Product reviews, deals and the latest tech news

Data centres owned by tech giants may soon be heating your house

Many European countries are relying on already-existing heating technology because of worry about emissions and dependence on energy supply from other countries.

Many of the world’s largest information companies have established data centres throughout the African continent, using enormous quantities of power to cool their servers and computers.

Air conditioning systems and cooling towers are often used to disperse the massive amounts of heat produced as a result of storing our ever-expanding data warehouse. But these days, a rising number of data centres are recycling their waste heat to heat nearby residences and commercial structures.

Heating data centres

Since 2020, Meta in Denmark has been reusing waste heat from its Odense data centre to power heating systems for an estimated 11,000 Danish households.

Alphabet has also promised to investigate the prospects presented by the trend, which has already been adopted by Microsoft, Apple, and Amazon.

There are now 15 planned data centres in the Netherlands, with 10 already linked to district heating systems that transfer the surplus heat to local houses and businesses.

There are several upsides to using data centres as residential heating sources. The consumption of fossil fuels, which are often utilised to provide indoor heating in Europe, is lowered as a result. Furthermore, there is a chance of lowering carbon dioxide emissions since many data centres currently use renewable energy sources like solar and wind.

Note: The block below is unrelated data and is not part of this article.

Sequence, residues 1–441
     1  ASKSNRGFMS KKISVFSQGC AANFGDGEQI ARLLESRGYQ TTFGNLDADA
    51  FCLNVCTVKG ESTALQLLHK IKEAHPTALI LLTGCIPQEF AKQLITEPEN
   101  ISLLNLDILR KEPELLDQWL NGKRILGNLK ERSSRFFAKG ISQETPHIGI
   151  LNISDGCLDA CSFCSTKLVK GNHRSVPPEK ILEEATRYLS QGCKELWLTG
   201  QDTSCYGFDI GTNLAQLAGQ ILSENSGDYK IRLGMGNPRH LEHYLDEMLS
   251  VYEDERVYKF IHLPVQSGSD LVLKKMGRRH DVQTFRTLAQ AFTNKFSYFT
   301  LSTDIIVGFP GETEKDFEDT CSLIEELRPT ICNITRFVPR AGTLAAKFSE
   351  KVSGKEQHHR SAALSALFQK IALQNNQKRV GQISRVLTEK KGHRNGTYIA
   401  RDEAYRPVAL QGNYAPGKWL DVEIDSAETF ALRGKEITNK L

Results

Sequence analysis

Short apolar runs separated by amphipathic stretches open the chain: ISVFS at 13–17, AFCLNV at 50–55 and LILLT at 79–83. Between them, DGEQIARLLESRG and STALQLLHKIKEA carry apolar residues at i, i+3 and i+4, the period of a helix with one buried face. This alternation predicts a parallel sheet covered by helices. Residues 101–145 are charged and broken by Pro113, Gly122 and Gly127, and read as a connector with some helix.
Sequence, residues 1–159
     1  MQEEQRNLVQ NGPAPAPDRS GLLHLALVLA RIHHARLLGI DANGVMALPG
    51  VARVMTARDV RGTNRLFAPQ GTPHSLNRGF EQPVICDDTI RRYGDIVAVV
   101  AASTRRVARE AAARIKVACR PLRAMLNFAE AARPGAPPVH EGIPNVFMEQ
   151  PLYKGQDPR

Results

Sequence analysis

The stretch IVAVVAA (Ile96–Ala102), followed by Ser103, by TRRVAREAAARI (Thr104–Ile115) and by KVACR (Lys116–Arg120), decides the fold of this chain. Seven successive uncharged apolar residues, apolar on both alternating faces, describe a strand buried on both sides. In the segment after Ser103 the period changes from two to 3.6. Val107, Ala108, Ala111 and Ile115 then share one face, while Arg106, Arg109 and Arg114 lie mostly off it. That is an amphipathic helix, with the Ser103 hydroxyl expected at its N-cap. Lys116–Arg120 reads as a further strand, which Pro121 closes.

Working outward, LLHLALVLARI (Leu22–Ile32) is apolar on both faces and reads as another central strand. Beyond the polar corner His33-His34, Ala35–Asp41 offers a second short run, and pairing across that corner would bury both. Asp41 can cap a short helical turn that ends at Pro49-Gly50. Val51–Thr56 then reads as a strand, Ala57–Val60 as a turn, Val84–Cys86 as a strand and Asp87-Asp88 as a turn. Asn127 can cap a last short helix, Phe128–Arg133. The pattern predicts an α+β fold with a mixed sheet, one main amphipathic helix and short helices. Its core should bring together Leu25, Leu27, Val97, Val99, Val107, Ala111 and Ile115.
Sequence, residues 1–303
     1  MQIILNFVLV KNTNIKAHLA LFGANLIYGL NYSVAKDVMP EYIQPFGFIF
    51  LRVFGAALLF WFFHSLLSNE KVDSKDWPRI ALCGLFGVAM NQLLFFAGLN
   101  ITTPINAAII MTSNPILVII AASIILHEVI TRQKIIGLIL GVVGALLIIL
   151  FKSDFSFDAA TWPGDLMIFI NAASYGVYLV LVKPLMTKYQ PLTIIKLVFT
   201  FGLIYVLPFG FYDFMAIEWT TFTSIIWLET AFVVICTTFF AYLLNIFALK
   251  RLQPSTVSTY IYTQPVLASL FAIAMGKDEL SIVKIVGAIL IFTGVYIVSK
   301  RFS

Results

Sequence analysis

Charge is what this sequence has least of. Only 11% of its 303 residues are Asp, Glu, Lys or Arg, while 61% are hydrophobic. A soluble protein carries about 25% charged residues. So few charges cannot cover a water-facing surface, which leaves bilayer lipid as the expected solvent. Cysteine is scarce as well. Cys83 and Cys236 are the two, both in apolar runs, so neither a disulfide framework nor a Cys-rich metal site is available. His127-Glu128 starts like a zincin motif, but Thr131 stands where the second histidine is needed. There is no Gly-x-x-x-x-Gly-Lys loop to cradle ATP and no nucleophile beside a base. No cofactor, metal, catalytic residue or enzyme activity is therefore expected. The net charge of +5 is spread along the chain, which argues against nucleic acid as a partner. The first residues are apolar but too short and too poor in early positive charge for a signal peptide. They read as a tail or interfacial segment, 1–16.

Some construction licences in France and Denmark demand the recapturing of surplus heat, and national and municipal governments there have reportedly instituted financial incentives for the more efficient use of such heat.

Greenhouses are being heated using energy from data centres, allowing farmers to produce food all year round. One Dutch data centre creator, Jeroen Burks, claims that a data centre with a power output of 180 kilowatts (kW) could warm a greenhouse large enough to grow 250 metric tonnes of tomatoes over the winter.

In Europe, using data centres to provide heating for houses and other buildings is gaining popularity and is anticipated to grow in the future years. This method of heating houses and other structures is both economical and ecologically beneficial, and it exemplifies how technology may be used to solve some of the most pressing problems now confronting the African continent and the rest of the globe.